Garden Tour: Acabonac Farms
The East End of Long Island was once a rich environment for farmers of all kinds. The soil provided nutrients for crops, the grasses provided sustenance for the cattle and sheep, and the shores provided the quiet hamlets required for clam and scallop populations to flourish. However, since 1950, things have changed and not just on Long Island As more people have discovered the idyllic beauty of the South Fork, land prices increased to such an extent that it didn’t make financial sense to use it for farming. Farmland transitioned from crops to lawns, barns to mansions. We were lucky enough to visit a place this weekend that is working to reverse that cycle, Acabonac Farms. They are generating NEW local agriculture by pasturing animals at Sylvester Manor Educational Farm, working to improve soil health, and creating jobs for their Long Island community.
Some people say “Acabonac” (an American Indian word) means “root,” others say it is "the place where the groundnuts grow." [Groundnuts were prized by East Hampton's earliest settlers both for their own consumption and as feed for their livestock.] Supremely fitting then, that Stephen Skrenta has gone back to the East End’s roots in creating Acabonac Farms.
In short, Acabonac Farms delivers grass-fed, pasture-finished beef direct to you! You can buy different sized boxes—depending on your freezer capacity—to have high-quality pasture raised and finished beef any night of the year. This past weekend, I visited the farm.
Think back…what is the BEST steak you’ve ever eaten? I bet there’s a moment that you can remember, that was pivotal in your eating life. (Mine was circa 2014 at The Mark Restaurant when my husband and I ordered a Porterhouse for two). There is a big difference in nutrition and taste between Acabonac Farms pasture-finished cattle and conventional grain fed cattle. For example, grass-fed beef is higher in CLA—which can help you gain lean muscle and cut fat, especially around your abdominal area. It’s also higher in Omega-3’s, which are vital to your brain function. And did I mention the taste? It melts in your mouth, y’all.
Most cattle spend the majority of their lives at a feedlot, in crowded corrals, eating grains and corn…aka SUGAR, which makes them put on fat…FAST (notice any connections?). Cattle are made to eat grass, so this diet makes them sick, and then they need antibiotics or growth hormones and other nasties to keep them “healthy.” Which in turn, then get passed on to you. You’re welcome. (See Michael Pollen: “You are what you eat, but you are also what you eat eats).
When I visited Acabonac Farms, I got to walk in the pastures where the animals were grazing freely and taking one bite of each of their favorite grasses and clovers. Stephen even let us help move the leader group of cattle from one grazing area to another. The cattle are moved from a one-third acre grazing section to another.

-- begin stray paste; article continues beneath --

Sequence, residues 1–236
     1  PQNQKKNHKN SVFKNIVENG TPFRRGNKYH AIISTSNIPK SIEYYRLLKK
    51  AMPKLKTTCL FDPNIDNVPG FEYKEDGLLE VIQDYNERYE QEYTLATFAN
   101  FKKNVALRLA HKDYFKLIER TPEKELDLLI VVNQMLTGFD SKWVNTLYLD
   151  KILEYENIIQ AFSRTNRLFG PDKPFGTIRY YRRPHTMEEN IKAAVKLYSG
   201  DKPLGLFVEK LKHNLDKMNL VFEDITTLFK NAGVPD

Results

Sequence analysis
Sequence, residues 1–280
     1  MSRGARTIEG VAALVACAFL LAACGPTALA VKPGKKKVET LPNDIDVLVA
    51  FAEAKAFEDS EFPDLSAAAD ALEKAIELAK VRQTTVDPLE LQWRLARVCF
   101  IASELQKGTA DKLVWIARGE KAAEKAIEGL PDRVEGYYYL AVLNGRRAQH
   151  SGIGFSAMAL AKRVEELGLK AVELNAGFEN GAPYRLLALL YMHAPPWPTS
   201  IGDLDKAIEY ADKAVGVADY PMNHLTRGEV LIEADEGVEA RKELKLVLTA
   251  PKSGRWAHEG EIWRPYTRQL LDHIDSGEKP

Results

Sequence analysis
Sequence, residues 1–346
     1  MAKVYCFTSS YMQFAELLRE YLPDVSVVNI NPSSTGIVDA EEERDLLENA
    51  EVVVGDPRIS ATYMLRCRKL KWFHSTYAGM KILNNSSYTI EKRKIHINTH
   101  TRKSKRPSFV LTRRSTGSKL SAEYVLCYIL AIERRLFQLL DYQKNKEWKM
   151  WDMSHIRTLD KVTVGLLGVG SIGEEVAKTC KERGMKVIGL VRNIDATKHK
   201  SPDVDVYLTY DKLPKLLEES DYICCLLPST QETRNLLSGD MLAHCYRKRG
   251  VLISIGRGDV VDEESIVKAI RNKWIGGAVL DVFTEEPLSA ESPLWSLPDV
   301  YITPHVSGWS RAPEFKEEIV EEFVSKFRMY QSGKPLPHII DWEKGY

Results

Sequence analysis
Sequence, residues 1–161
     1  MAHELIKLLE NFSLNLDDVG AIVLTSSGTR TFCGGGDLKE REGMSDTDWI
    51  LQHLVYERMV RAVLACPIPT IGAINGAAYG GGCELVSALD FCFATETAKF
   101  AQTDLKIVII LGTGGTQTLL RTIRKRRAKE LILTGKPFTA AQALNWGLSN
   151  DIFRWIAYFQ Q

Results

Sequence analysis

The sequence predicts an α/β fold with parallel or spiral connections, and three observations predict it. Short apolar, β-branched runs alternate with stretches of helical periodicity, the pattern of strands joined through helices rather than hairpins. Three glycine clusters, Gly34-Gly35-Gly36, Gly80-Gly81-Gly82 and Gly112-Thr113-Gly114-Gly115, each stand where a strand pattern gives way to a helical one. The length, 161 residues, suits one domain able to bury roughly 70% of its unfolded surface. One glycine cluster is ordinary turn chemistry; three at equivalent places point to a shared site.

Even though I hadn’t been to Acabonac Farms before like I had been to Iacono, I felt similar nostalgia and the familiar pull of home. My family’s roots are deep on the East End of Long Island and I feel relief and an enormous sense of pride knowing that there are a few people fighting to return this beautiful part of the world to what it once was. Unlike Iacono, Acabonac Farms is brand new—they hosted their first cattle on Long Island this spring, but Stephen and his team are working relentlessly with local partners to create a new kind of family farm and actually revive an American Community. I highly encourage you to find a local purveyor for some of your groceries and get to know them. Find a way to support the few family farms left in America and encourage this way of life with your $$. Get to know the family that works there—building relationships is one of the most human things we can do any helps us feel connected, which in turn helps us feel loved. In supporting family farms, are keeping alive a family that believes in what they do, and you’re also contributing to your own health and wellness.
Food that you put on your plate is nourishing, but it is my personal belief that human connection is the greatest form of nourishment. You can eat all the kale (or grass-fed beef) in the world, but without relationships, you won’t be sustained. I know my family will be supporting Acabonac Farms in the future, and I hope we get to do so for many generations—go out and find people who are doing this work in your local community. If you're interested in finding out more about Acabonac Farms, click here!